Few people go more than a few days without updating their Facebook status, “checking-in” at some location on their social media application or tweeting their opinions on Twitter. Service members are no exception. However, they must take extra precautions to avoid the legal pitfalls of compromising operational security or making inappropriate remarks when posting anything on public websites. The legal ramifications for improperly posting information or photos on nonsecure websites, compromising operational security, varies greatly depending on an individual’s situation, what information is disclosed and the results from the disclosure. Punitive and administrative actions are authorized if a violation of the Uniformed Code of Military Justice (UCMJ) is discovered by the command. Punitive action can range from an Article 15 (nonjudicial punishment) to a general court-martial for a violation of UCMJ Article 92—the failure to obey a lawful order or regulation. Administrative action could include rank reduction, letters of reprimand that may be filed permanently in the service member’s Official Military Personnel File or administrative separation.
More frequently, service members post information to Facebook or social media sites that causes trouble in other ways. Posting a photo of one’s platoon sergeant at work and making disparaging remarks about him or her is a direct violation of UCMJ Article 89, Disrespect Toward a Superior Commissioned Officer. The maximum punishment for this violation is a bad-conduct discharge, forfeiture of all pay and allowances, and confinement for up to one year. Updating a Facebook status to express displeasure against the U.S. military and an upcoming deployment may be found to be in violation of UCMJ Article 134, Disloyal Statements. The maximum punishment, depending on the statement and the circumstances, is a dishonorable discharge, forfeiture of all pay and allowances, and confinement for up to three years.
Additionally, military prosecutors are well aware of the wealth of information troops post on social media sites. Photos of misconduct may be found and obtained by trial counsel for use as evidence against the service member in support of punitive and administrative action. Even personnel who do not post information or photos to social media sites should take care to ensure their associates do not implicate them in misconduct by posting photos of them or tagging them in their posts.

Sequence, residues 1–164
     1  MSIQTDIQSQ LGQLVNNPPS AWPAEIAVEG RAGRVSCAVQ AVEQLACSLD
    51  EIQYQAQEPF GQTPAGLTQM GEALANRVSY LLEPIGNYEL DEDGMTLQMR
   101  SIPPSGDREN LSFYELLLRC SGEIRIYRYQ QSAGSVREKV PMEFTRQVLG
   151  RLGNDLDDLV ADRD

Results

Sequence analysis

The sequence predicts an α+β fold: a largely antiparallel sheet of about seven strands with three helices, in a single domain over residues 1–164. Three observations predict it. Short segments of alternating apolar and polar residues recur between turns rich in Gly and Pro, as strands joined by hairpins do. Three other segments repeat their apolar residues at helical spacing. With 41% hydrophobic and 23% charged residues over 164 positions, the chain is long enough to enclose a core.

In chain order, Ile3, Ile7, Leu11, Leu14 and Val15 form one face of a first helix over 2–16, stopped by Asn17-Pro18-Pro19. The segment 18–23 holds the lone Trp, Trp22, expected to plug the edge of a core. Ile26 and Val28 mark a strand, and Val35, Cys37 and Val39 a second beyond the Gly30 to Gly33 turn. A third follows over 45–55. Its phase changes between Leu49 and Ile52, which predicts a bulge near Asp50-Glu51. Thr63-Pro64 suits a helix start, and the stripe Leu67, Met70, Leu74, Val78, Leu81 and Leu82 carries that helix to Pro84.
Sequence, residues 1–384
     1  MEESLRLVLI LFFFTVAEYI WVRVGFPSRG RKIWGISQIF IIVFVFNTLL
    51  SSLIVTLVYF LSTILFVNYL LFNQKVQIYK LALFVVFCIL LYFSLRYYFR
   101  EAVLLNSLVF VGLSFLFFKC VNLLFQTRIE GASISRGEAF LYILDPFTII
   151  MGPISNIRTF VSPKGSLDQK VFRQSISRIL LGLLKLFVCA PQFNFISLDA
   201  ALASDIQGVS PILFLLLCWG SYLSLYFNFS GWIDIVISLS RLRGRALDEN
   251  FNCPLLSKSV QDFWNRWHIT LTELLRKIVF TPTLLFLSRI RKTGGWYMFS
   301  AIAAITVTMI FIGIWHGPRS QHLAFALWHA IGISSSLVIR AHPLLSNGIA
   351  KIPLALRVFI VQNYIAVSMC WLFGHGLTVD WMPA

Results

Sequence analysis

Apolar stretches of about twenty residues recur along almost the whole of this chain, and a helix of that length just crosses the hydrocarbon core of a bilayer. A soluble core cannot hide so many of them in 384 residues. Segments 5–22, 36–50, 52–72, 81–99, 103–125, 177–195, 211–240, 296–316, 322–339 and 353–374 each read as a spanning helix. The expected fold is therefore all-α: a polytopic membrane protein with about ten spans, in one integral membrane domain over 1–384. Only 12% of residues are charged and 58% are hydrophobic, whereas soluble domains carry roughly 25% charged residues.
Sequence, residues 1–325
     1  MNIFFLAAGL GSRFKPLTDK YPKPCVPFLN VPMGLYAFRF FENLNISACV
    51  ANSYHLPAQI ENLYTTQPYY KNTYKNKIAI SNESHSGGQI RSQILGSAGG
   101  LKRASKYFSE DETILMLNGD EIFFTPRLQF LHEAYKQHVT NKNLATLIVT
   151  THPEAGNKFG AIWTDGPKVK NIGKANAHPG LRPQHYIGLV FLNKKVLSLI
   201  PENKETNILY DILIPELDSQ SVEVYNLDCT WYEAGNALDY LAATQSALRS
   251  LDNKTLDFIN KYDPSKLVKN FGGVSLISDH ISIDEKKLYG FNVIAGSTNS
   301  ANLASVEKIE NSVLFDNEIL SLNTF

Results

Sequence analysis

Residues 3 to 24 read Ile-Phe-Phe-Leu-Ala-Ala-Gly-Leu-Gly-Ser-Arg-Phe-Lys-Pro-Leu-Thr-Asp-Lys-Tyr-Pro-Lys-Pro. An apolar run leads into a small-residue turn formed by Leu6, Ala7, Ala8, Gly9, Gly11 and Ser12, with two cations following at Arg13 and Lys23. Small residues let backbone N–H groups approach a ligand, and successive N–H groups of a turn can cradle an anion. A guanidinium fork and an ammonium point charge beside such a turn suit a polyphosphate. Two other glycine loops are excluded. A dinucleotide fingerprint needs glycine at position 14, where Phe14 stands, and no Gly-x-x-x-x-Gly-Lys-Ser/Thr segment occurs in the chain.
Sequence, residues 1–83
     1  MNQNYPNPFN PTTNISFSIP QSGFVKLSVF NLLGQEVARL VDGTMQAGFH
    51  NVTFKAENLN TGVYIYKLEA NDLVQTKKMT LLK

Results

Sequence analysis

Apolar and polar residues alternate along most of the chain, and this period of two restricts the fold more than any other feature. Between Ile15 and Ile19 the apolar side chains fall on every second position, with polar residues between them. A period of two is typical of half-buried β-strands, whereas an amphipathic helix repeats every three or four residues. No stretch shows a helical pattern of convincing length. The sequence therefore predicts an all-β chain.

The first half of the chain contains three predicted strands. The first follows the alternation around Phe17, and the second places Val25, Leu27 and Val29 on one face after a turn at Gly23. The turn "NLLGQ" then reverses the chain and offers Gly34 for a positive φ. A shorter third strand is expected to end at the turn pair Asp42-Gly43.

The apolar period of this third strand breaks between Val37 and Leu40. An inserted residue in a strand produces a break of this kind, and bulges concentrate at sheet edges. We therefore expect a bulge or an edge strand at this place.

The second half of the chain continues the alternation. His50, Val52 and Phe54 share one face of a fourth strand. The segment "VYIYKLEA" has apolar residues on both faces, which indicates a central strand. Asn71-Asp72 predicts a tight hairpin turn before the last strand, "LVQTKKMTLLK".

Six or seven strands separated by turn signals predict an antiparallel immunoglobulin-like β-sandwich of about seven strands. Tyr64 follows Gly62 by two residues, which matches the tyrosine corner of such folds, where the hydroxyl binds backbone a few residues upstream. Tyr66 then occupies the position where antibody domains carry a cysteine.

For example, a military police officer who brought his wife to work for the midnight shift as gate guard dressed up in his uniform—impersonating a service member—and posted photos of her “working the gate” on Facebook could set up his colleagues for disciplinary action. If it is later revealed they were on shift at the same time and failed to say anything about the inappropriateness of the officer or his civilian wife wearing his uniform, they could be implicated in the crime for aiding or abetting in violation of UCMJ Article 77, or failure to obey a lawful order or regulation in violation of Article 92, among other possible UCMJ violations.
Additionally, if troops are tagged in a photograph of misconduct, such as an underage drinking party where a lower-enlisted service member was sexually assaulted, the tagged persons may be called in for questioning during an investigation. Depending on rank and level of involvement, charges may be preferred against them for fraternization or being drunk and disorderly.
Furthermore, social media has operational security implications. Operational security is everyone’s responsibility, and uniformed personnel are encouraged to consult their supervisors if they are unsure of the measures in place for their location and mission. Service members should always be especially cautious when posting their locations, specifics about what they are or are not doing, and photos of themselves in uniform on social media websites or online blogs. Regardless of your privacy settings on any social media site, those sites are not secure and cannot be trusted to keep your information out of the wrong hands.
There is certainly nothing wrong with maintaining social media sites such as Facebook or Twitter, but all service members need to be careful how they use them and what they post. A good rule of thumb is to ask whether a commander or superior officer would approve prior to posting anything online.
Nicole Woodroffe previously served as trial counsel at 3rd Infantry Division with the U.S. Army JAG Corps.